Fascinating Meteorology Terms: Graupel

| January 27, 2019 @ 9:30 am


(Photo of graupel taken in the White Mountains of New Hampshire)

Often seen on days with many varieties of wintry precipitation, these soft, round pellets of snow may just appear on your windshield. It’s a very odd looking form of winter precipitation. With their cloudy, circular appearance, these white pellets take on a form resembling styrofoam or “Dippin Dots” ice cream. It goes by its most common name snow Pellets, but to meteorologists, it is known as graupel.

Graupel is formed by a process called accretion. Accretion occurs within a cloud where ice particles, supercooled water droplets, and snow collide with each other as they get tossed by turbulent air. Turbulent air is the rising and sinking air due to temperature and pressure differences within a cloud. It can either be really strong, like within thunderstorms, or light, like within stratus or nimbus clouds that produce rain and snow. Once the ice and snow particles grow heavy by collision, they become too heavy to be suspended by the turbulent air and drop from the cloud as a form of winter precipitation. Unlike other types of precipitation, graupel sets itself apart in the accretion process. Within a cloud that produces graupel, temperatures need to be just below freezing (32 degrees Fahrenheit) with some portion being below 15 degrees Fahrenheit. This allows both supercooled water droplets and snow to exist in the cloud. Supercooled water droplets are droplets of water that are just below freezing but not cold enough to freeze completely. During the accretion process that forms graupel, the parent particle (snowflake) collides with supercooled water droplets as it gets tumbled by turbulence. When these supercooled droplets attach to the parent snowflake, the droplets immediately freeze on contact covering the snowflake with a thin layer of ice. This is a process called ice riming which gives graupel its circular shape.

Graupel tends to form in the same way that hail does. It is sometimes mistaken for hail, but they are two very different forms of precipitation. For example, they are both formed through the process of ice accretion and ice riming. But for hail, the parent particle isn’t a snowflake; it’s a particle of ice. Graupel gets its shape from a form of soft ice riming where the supercooled droplets don’t freeze into hard ice but freeze as soft ice. This is because the core temperature of a snowflake is much warmer that the core temperature of an ice particle. Since the particle of ice that starts a hailstone is much colder, the supercooled droplets freeze on the hailstone creating a harder surface. Size also plays a large role if differentiating between hail and graupel. Graupel is relatively small in form. It grows from about two to five millimeters in diameter compared to a hailstone which can grow from pea size to softball size. The type of cloud and time of year is also a factor in hail and graupel differences. The reason why hail can grow so large is because it is made within thunderstorm clouds called cumulonimbus. These types of clouds form in the summer and are highly turbulent due to larger changes in pressure and temperature from the surface up to the cloud top. The stronger turbulence in this type of cloud is able to suspend heavier particles such as softball size hail.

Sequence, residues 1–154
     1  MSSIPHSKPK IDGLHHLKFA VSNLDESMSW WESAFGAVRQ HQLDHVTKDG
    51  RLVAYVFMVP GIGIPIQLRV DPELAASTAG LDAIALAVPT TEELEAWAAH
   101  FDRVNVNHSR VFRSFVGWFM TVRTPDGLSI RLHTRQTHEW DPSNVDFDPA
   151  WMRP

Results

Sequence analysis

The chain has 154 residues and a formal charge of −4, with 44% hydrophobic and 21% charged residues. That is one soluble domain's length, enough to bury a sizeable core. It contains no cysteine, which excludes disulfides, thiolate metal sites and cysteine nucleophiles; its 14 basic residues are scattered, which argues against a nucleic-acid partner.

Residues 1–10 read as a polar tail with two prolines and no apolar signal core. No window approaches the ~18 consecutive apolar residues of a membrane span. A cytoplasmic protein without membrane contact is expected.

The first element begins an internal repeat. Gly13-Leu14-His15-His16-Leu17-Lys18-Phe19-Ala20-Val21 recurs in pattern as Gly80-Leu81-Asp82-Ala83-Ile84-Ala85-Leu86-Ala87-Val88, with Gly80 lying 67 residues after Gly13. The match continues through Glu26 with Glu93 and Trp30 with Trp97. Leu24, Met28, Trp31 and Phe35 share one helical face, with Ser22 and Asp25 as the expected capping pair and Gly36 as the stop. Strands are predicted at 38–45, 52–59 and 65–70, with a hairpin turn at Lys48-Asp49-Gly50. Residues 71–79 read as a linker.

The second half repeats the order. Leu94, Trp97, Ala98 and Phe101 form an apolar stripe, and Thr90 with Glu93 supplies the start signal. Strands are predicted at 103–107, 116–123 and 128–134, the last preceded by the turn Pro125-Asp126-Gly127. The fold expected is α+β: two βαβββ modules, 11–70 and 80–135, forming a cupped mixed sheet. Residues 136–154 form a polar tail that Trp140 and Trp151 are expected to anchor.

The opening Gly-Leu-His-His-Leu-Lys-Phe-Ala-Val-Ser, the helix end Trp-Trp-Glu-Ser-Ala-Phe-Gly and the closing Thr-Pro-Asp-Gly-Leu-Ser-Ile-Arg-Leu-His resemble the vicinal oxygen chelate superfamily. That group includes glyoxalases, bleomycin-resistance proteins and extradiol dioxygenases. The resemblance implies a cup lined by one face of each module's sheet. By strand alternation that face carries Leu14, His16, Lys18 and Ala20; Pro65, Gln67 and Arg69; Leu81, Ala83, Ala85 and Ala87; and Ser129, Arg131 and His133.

Graupel is a very interesting type of wintry precipitation. It’s very easy to spot and if you have already seen it, I’m sure it has raised your eyebrows. Next time it snows in your neck of the woods, keep a lookout for some graupel and share the knowledge of what you learned today with a friend. Up next: Sticking to the subject of precipitation, you will get the chance to learn about the meteorology term “Virga”.

To learn about more fascinating meteorology terms click here.

© 2019 Meteorologist Alex Maynard

AlabamaWX is pleased to partner with the Global Weather and Climate Center team for outstanding posts about our atmosphere. Visit them at https://www.globalweatherclimatecenter.com for more great information!


Category: Partner News Stories

About the Author ()

Comments are closed.